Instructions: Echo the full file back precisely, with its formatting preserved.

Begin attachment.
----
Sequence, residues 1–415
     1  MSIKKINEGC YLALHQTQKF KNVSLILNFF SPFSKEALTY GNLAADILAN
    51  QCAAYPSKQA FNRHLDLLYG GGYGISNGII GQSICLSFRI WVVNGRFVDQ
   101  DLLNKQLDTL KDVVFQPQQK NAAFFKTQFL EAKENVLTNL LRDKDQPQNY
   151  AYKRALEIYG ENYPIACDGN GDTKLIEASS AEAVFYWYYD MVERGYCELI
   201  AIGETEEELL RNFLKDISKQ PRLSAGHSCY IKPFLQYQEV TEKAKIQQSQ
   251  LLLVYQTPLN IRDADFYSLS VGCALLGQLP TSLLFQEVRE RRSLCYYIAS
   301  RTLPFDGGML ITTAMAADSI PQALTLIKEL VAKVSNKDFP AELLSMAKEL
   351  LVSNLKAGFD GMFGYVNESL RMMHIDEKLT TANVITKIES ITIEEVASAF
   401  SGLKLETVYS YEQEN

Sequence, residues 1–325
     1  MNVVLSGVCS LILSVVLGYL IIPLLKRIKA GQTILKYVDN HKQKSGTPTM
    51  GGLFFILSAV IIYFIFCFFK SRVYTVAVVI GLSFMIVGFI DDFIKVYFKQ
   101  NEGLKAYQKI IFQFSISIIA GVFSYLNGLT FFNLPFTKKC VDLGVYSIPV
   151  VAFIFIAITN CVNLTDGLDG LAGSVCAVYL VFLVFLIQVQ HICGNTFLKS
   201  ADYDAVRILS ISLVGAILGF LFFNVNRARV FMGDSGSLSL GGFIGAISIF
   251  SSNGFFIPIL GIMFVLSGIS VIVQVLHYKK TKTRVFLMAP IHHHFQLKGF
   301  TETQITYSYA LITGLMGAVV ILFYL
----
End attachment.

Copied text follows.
Sequence, residues 1–415
     1  MSIKKINEGC YLALHQTQKF KNVSLILNFF SPFSKEALTY GNLAADILAN
    51  QCAAYPSKQA FNRHLDLLYG GGYGISNGII GQSICLSFRI WVVNGRFVDQ
   101  DLLNKQLDTL KDVVFQPQQK NAAFFKTQFL EAKENVLTNL LRDKDQPQNY
   151  AYKRALEIYG ENYPIACDGN GDTKLIEASS AEAVFYWYYD MVERGYCELI
   201  AIGETEEELL RNFLKDISKQ PRLSAGHSCY IKPFLQYQEV TEKAKIQQSQ
   251  LLLVYQTPLN IRDADFYSLS VGCALLGQLP TSLLFQEVRE RRSLCYYIAS
   301  RTLPFDGGML ITTAMAADSI PQALTLIKEL VAKVSNKDFP AELLSMAKEL
   351  LVSNLKAGFD GMFGYVNESL RMMHIDEKLT TANVITKIES ITIEEVASAF
   401  SGLKLETVYS YEQEN

Sequence, residues 1–325
     1  MNVVLSGVCS LILSVVLGYL IIPLLKRIKA GQTILKYVDN HKQKSGTPTM
    51  GGLFFILSAV IIYFIFCFFK SRVYTVAVVI GLSFMIVGFI DDFIKVYFKQ
   101  NEGLKAYQKI IFQFSISIIA GVFSYLNGLT FFNLPFTKKC VDLGVYSIPV
   151  VAFIFIAITN CVNLTDGLDG LAGSVCAVYL VFLVFLIQVQ HICGNTFLKS
   201  ADYDAVRILS ISLVGAILGF LFFNVNRARV FMGDSGSLSL GGFIGAISIF
   251  SSNGFFIPIL GIMFVLSGIS VIVQVLHYKK TKTRVFLMAP IHHHFQLKGF
   301  TETQITYSYA LITGLMGAVV ILFYL